Constantin, M and Dasgupta, C and Chatraphorn, Punyindu P and Majumdar, Satya N and Sarma, Das S (2004) Persistence in nonequilibrium surface growth. In: Physical Review E (Statistical, Nonlinear, and Soft Matter Physics), 69 . 061608/1-22.
Persistence probabilities of the interface height in (1 + 1)- and (2 + 1)-dimensional atomistic, solid-on-solid, stochastic models of surface growth are studied using kinetic Monte Carlo simulations, with emphasis on models that belong to the molecular beam epitaxy (MBE) universality class. Both the initial transient and the long-time steady-state regimes are investigated. We show that for growth models in the MBE universality class, the nonlinearity of the underlying dynamical equation is clearly reflected in the difference between the measured values of the positive and negative persistence exponents in both transient and steady-state regimes. For the MBE universality class, the positive and negative persistence exponents in the steady-state are found to be = 0.66Â±0.02 and = 0.78Â±0.02, respectively, in (1 + 1) dimensions, and = 0.76Â±0.02 and = 0.85Â±0.02, respectively, in (2 + 1) dimensions. The noise reduction technique is applied on some of the (1 + 1)-dimensional models in order to obtain accurate values of the persistence exponents. We show analytically that a relation between the steady-state persistence exponent and the dynamic growth exponent, found earlier to be valid for linear models, should be satisfied by the smaller of the two steady-state persistence exponents in the nonlinear models. Our numerical results for the persistence exponents are consistent with this prediction. We also find that the steady-state persistence exponents can be obtained from simulations over times that are much shorter than that required for the interface to reach the steady state. The dependence of the persistence probability on the system size and the sampling time is shown to be described by a simple scaling form.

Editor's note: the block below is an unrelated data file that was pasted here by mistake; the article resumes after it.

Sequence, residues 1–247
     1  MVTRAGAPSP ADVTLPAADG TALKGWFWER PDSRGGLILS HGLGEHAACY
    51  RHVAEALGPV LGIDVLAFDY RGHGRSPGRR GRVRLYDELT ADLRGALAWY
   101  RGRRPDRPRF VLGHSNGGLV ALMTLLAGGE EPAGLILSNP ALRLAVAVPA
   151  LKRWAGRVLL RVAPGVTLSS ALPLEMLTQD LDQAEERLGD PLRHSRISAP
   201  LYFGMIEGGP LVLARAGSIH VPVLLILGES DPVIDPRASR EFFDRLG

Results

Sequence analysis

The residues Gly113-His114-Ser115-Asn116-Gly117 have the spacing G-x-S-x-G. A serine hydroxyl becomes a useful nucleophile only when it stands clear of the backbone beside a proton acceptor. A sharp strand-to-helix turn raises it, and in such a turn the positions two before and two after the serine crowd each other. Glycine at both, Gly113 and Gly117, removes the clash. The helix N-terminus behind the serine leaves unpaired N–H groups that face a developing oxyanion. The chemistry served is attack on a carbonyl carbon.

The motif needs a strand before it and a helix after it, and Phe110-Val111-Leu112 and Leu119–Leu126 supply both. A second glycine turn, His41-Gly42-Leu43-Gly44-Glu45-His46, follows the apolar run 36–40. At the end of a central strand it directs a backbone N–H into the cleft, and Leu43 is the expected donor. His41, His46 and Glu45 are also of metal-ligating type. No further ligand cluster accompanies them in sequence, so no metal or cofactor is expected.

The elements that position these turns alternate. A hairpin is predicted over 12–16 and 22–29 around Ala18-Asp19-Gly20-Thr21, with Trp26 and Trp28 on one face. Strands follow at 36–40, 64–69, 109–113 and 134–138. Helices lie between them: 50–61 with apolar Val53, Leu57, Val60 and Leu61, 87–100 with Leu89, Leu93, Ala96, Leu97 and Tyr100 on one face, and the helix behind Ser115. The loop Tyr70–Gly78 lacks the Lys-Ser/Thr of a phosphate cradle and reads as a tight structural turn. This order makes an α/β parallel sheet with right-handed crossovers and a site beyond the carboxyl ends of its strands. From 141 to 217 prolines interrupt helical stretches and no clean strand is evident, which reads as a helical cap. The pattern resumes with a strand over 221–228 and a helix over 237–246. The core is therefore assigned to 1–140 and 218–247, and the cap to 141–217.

|Item Type:||Journal Article|
|Additional Information:||Copyright for this article belongs to American Physical Society (APS).|
|Department/Centre:||Division of Physical & Mathematical Sciences > Physics|
|Date Deposited:||10 Dec 2004|
|Last Modified:||19 Sep 2010 04:13|
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